THIS

Progressive politics, ideas & culture

Menu
January-February 2016

The People Do Good Stuff Issue: Mohammad Ali Aumeer

The hip hop artist who energizes crowds with songs about human rights and social justice

Hillary Di MennaWebsite@HillaryDiMenna

Illustration by Dushan Milic

Illustration by Dushan Milic

IT’S MARCH 2015 and the Toronto crowd is rallying to protest Bill C-51. There’s excitement in the air. With every new body comes a greater sense of solidarity. Speakers file on and off stage. The crowd is committed, but human: there comes a point when attention wanes and distraction takes over. The energy starts to lower. Mohammad Ali Aumeer, better known in activist circles as the “Socialist Vocalist,” is backstage. He knows the crowd needs its energy back. And he’s just the person to do it.

Aumeer has been filling notebooks with lyrics for nearly two decades. He was inspired after reading the words of Noam Chomsky and Che Guevara, among others. In fact, it was after reading Guevara’s Reminiscences of the Cuban Revolutionary War that Aumeer chose to move to Havana, Cuba, at the age of 25, where he lived on and off from 2004–2005. “We were living in post-reform Cuba,” he says. “People would be rapping in Spanish, and at the end I would come in and rap in English.” The crowd’s excitement and cheers inspired Aumeer to continue performing in Canada. He decided: “I’m going to make political music.”

Back in Toronto in 2006, while browsing the (now closed) World’s Biggest Bookstore, he spotted someone holding a copy of Chomsky’s Manufacturing Consent, a book that examines how the elite classes disregard human rights. The two started talking and, by the end of the conversation, Aumeer was invited to a War Resisters Support Campaign event. The War Resisters organization formed to help U.S. military personnel who refused to participate in the Iraq war and came to Canada seeking asylum. When Aumeer connected with the group, he saw a well-run organization with a solid PR campaign, and, more importantly, an opportunity to stir up youth engagement.

Aumeer started touring university campuses with the War Resisters, performing social justice-themed raps and talking to audience members. The team-up was engaging, he says, to the point where even the hecklers in the audience would be on-side in the end. Next, he expanded to play the wider activist circuit. Between 2007–2010 he toured Canada, from St. John’s to Vancouver, rapping about human rights and social justice issues. He gained a reputation for hyping up crowds at rallies. One day after performing at a CUPE convention in 2013, he told himself: “If I’m going to be an artist it can’t be on the sidelines, it needs to be a full-time thing.” As an activist, he helped organize the rallies, now he wanted to be the fire behind their energy.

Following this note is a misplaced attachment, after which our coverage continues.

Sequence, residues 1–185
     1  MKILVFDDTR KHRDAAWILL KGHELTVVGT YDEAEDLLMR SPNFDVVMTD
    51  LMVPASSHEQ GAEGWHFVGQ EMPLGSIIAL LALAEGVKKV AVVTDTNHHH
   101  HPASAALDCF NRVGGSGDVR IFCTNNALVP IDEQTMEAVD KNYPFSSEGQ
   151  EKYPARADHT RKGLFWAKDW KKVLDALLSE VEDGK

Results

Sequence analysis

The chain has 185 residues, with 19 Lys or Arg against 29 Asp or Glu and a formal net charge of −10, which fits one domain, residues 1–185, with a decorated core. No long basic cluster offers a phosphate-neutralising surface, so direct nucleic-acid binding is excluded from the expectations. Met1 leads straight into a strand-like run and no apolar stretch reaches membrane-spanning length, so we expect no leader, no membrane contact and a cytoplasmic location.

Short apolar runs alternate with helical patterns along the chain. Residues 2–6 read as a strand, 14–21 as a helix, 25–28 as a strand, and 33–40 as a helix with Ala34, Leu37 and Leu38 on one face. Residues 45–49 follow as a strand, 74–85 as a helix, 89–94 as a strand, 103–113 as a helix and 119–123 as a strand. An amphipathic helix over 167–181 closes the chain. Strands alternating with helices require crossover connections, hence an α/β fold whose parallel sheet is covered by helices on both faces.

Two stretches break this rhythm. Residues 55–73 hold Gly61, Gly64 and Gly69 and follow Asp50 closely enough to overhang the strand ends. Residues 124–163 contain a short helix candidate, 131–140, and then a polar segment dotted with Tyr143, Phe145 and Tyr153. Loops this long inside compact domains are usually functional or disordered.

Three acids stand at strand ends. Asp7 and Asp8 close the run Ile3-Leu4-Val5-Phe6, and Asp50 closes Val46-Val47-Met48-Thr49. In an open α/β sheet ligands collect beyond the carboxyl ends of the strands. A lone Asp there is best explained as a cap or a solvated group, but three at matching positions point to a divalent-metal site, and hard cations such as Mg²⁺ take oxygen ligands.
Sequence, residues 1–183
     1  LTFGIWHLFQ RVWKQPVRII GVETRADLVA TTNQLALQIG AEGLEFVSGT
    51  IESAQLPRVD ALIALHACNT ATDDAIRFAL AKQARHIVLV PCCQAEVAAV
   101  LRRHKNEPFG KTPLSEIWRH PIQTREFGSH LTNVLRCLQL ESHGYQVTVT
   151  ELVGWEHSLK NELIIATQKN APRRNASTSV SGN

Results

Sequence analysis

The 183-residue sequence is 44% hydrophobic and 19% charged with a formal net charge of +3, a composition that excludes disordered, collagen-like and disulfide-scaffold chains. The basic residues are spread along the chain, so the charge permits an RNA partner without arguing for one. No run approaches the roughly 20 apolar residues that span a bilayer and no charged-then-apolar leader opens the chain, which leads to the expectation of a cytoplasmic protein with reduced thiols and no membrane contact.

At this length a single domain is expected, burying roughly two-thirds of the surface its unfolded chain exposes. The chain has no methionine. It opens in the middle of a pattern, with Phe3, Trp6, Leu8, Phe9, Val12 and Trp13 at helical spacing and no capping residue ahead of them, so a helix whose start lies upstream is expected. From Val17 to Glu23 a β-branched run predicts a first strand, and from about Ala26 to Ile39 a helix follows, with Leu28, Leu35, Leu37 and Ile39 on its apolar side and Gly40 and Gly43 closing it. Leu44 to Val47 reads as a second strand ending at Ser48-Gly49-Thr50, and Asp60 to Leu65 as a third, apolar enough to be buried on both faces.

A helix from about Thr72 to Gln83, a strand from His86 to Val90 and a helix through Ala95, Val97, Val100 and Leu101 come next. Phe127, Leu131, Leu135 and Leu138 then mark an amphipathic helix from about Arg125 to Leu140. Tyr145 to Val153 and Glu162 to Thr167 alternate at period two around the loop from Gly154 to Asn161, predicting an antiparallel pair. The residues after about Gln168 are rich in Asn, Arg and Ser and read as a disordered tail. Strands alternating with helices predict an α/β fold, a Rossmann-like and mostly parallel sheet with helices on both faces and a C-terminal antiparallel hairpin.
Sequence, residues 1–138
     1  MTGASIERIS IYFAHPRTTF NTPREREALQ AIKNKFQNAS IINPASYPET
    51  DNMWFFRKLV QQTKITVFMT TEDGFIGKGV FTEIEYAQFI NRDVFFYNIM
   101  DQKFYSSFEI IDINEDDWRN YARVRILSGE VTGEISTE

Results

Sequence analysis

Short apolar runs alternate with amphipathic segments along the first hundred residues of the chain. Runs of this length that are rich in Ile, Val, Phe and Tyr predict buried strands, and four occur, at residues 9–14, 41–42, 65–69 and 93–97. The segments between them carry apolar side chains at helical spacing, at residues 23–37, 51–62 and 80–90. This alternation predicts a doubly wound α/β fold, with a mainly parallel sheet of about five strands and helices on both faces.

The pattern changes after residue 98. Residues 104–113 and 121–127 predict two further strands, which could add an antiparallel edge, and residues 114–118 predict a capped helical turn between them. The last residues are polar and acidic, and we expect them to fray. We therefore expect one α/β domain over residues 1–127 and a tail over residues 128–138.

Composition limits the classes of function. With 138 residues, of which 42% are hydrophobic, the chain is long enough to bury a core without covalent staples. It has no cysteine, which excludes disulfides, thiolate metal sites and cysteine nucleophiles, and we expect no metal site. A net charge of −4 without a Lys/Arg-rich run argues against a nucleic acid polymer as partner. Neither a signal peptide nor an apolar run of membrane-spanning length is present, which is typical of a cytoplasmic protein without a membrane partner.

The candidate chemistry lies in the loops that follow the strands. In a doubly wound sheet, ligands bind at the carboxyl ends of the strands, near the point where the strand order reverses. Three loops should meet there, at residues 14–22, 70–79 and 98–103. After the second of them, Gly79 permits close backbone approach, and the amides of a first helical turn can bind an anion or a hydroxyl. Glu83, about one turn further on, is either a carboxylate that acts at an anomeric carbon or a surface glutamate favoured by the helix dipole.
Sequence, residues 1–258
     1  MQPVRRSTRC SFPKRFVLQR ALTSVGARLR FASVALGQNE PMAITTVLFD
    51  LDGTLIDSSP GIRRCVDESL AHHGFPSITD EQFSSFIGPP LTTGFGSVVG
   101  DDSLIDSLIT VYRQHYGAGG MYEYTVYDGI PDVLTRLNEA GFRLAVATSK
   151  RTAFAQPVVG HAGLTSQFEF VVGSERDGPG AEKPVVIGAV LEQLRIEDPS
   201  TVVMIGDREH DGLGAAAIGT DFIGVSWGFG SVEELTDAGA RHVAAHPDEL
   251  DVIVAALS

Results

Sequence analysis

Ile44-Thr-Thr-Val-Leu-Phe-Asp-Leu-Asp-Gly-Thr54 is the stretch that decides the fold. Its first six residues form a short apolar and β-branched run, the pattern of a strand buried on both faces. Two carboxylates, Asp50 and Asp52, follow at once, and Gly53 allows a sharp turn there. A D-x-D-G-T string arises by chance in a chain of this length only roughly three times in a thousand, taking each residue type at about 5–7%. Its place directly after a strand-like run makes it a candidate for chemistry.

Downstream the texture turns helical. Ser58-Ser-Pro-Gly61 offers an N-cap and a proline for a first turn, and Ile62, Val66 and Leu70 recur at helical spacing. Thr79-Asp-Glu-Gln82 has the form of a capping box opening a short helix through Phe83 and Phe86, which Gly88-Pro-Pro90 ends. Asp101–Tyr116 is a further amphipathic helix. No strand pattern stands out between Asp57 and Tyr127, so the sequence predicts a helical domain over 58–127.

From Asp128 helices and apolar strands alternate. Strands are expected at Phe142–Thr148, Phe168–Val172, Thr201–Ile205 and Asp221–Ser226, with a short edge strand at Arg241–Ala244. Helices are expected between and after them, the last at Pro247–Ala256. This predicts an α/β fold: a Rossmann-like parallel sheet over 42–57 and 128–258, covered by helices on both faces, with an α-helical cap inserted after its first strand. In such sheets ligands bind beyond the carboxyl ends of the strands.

Fellow hip hop artist Red Menace introduced Aumeer to Roshin of Notes to Self. The two were natural friends, both obsessed with rap battles, politically aware, and into Magic: The Gathering, a trading card game. The two have big plans. Their album, pending release, isn’t just about changing minds, but, as Aumeer describes it, also giving activists something to which they can relax—even if it’s more likely to awaken something revolutionary inside of his listeners. As his music evolves, it’s now less about persuading the conservative right, and more about connecting progressive voices and people.

The same outgoing personality that pushed Aumeer to approach a stranger in a book store has helped him find other opportunities, including a spot on CBCs The National with Peter Mansbridge. “Opportunities are less frequent for progressive artists. But when they come they are big,” he says. He urges independent political artists to drop everything to make these opportunities happen. Aumeer and Roshin are now building a strong international network of indie political artists. Aumeer wants to set a new standard: polished videos, like the ones he has on his YouTube channel, including “Precarious Work,” a song about organizing, student’s rights, and worker’s rights. The project also includes using the work of talented local artists. This plan involves having Son of Nun, of Firebrand Records (Ryan Harvey and Tom Morello’s label) perform, as well as setting up an Ontario tour with artists from Hamilton, Toronto, and Ottawa performing together in the three cities.

In the last two years, Aumeer has also taken on a new role as a father. He says his daughter, Ameerah, who is nearly two-years-old, forces him to take breaks from work. Before we part ways he shares some of his work. They’re words we should all hear: “This for Ameerah, my first born/This for my ancestors, I talk to ’em/This for Prashad his words of wisdom/This that karma of brown folk living … Rock Trayvon’s hoodie/Rock Malala’s hijab.”

A former This intern, Hillary Di Menna is in her second year of the gender and women’s studies program at York University. She also maintains an online feminist resource directory, FIRE- Feminist Internet Resource Exchange.

Show Comments